* Femme assise, 1949, dates to another key period in Picasso’s private world, when his partner Francoise Gilot was heavily pregnant with their daughter Paloma (estimate: £5 million to £7.5 million). A celebration of the impending miracle of birth, the canvas is exploding with colour and darting lines, which perhaps point to Mili’s famous photographs taken at this time, in which he encouraged Picasso to ‘draw’ in the air with an electric light.’ This work maps not only the development of Picasso’s representations of his partner Francoise but also his longstanding exploration of the theme of the sitting woman. Offered from a private Californian Collection, Femme assise was formerly part of the impressive collection of the American steel magnate and philanthropist Leigh B. Block.
* Only the second etching ever created by Picasso, Le repas frugal is one of the greatest works in the history of printmaking. A key example from the virtuoso’s early career, executed when aged 23, it is perhaps the quintessential and final Blue Period icon (estimate: £1.5 million to £2.5 million). A superb rich early impression, it is one of only two known impressions dated 1904. Dedicated to his close friend and fellow-artist, the Catalan sculptor Enric Casanovas, the work has exceptional provenance having remained in Casanovas’ family long after his death (1948) until finally being sold in 1963; going into the collections of Dr Oscar Stern and Dr Otto Schäfer, before being bought by the present owner in 1992. Depicting a gaunt man from Picasso’s time in Barcelona, who reappears in different guises until 1905, the print also portrays Madeleine, the artist’s lover. The apparent misery of the scene is alleviated by the couple's tender embrace and the woman's knowing smile.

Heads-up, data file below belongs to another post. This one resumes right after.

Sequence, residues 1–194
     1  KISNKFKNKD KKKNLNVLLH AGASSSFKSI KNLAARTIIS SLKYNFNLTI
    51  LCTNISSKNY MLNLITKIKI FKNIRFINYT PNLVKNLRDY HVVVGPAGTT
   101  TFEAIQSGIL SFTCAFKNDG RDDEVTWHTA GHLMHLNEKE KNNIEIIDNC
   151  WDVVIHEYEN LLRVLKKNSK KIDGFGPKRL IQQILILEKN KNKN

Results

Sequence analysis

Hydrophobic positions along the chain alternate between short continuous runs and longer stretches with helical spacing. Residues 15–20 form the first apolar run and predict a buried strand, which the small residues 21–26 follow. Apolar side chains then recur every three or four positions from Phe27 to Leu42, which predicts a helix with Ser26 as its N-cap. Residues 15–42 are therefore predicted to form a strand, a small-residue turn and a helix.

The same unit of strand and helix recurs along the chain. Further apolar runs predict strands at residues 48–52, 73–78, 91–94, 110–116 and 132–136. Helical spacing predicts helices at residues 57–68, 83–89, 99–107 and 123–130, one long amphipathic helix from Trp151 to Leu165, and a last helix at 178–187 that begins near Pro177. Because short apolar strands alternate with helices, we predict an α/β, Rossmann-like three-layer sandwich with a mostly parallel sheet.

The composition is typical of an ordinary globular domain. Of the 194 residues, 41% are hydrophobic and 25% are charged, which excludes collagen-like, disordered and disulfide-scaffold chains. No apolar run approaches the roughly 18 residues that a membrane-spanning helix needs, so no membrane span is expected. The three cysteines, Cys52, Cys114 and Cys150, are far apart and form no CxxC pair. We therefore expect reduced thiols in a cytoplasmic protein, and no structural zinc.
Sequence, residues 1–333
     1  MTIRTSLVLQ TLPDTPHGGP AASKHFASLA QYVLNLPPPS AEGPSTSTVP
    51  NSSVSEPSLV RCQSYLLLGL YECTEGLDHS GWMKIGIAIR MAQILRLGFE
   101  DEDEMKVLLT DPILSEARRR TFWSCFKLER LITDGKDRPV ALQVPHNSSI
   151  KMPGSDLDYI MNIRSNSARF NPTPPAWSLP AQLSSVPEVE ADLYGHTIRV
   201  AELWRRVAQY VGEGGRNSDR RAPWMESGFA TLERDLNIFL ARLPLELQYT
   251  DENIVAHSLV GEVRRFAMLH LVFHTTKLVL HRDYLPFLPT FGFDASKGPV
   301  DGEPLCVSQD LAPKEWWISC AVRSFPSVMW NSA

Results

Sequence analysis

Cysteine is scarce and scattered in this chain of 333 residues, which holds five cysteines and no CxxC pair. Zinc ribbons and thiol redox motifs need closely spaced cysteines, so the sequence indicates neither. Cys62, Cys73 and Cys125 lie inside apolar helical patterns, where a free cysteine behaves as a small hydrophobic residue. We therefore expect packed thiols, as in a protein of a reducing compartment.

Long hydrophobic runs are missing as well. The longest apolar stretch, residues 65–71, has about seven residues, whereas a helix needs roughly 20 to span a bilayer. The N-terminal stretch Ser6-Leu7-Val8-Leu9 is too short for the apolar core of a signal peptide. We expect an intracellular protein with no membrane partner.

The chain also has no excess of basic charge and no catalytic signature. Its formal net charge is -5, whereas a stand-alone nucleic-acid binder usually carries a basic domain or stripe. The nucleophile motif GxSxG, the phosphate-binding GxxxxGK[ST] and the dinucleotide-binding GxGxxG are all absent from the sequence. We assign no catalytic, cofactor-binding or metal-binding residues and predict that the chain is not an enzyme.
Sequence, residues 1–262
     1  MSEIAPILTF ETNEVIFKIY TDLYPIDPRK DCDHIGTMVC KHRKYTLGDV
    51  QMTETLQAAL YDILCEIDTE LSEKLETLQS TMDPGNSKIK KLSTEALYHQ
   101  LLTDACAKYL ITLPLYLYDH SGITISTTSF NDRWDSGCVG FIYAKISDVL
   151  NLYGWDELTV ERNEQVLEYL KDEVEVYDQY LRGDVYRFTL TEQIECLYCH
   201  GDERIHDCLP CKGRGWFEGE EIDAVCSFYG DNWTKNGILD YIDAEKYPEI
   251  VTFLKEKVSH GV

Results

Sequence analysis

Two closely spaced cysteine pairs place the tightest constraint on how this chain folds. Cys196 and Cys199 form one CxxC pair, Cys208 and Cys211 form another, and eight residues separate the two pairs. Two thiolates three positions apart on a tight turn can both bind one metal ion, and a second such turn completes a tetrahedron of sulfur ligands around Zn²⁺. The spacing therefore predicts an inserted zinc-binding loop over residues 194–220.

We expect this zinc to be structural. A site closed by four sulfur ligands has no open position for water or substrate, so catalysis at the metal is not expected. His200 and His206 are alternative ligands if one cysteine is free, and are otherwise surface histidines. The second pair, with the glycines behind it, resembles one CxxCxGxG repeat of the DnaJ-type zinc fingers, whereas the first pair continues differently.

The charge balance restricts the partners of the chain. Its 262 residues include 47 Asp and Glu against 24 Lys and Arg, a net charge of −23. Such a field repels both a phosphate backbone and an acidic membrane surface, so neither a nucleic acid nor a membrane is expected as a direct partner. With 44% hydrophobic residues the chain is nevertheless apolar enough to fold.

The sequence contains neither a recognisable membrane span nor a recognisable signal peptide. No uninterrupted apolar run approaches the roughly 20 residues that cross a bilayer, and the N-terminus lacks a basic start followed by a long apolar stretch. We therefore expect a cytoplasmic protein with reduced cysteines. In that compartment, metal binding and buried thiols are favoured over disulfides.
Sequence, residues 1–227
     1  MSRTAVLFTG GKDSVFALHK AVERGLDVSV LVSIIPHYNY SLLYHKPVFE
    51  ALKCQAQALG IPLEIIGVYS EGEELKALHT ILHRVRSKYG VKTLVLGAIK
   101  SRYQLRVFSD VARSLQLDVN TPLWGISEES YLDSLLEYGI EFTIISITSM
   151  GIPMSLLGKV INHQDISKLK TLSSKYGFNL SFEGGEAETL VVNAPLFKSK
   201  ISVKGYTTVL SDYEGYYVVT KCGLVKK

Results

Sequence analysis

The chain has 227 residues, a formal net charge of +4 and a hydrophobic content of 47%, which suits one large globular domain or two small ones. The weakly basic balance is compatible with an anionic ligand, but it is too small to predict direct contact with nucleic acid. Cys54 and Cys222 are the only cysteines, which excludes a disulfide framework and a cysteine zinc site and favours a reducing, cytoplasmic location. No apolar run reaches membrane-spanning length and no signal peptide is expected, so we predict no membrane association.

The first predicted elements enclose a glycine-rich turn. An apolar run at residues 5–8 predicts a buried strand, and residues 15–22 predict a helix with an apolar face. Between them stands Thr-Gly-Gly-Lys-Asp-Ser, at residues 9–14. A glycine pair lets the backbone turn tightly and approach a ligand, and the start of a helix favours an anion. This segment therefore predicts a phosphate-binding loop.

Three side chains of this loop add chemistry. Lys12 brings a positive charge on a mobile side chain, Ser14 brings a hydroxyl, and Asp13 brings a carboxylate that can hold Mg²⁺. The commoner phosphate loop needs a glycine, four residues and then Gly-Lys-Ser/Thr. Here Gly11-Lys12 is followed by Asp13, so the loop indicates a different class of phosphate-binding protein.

* La Corne d'or. Les Minarets by Paul Signac (1863-1935) comes to the market for the first time in almost a century; having been acquired in the late 1920s it has remained in the same private collection to the present day (estimate: £4 million to £6 million). A masterful composition, rich in pictorial rhythm and exhibiting the artist’s signature Neo-Impressionist brushwork, this chromatically dazzling opalescent work, from 1907 belongs to an important series of twelve paintings depicting Constantinople (Istanbul), across the Golden Horn estuary. From the same series, La Corne d'Or, Constantinople, 1907, was sold at Christie’s London in February 2012 for £8.7 million, becoming the 2nd highest price for the artist at auction. The present work is a very accomplished example of Signac’s mature style, having moved on from a meticulous Pointillism, inspired by Seurat, towards a focus on chromatic brilliance and a sense of overall harmony; the rich romanticism of such works captivated Signac’s artistic counterparts, such as Le Corbusier.
* Paysage aux troncs bleus, is a recently rediscovered painting by Paul Gauguin (1848-1903), dating to his historic first trip to Tahiti, in 1892 (estimate: £3 million to £5 million). The intense highly interpretative palette epitomises Gauguin’s greatest pictures from this voyage. Unrecorded in literature on the artist, it has remained in the same private Norwegian collection for over half a century and has not been seen in public since 1955. The late 1880s and early 1890s marked an important shift in the critical appreciation of Gauguin’s work, with an increasing number of artists and collectors seeking out opportunities to see and buy his work. The present work illustrates a new-found certainty in Gauguin’s work, a confidence which he reflected upon his return to France the following year saying that he was: “older by two years, but twenty years younger; more barbarian than when I arrived, and yet much wiser.”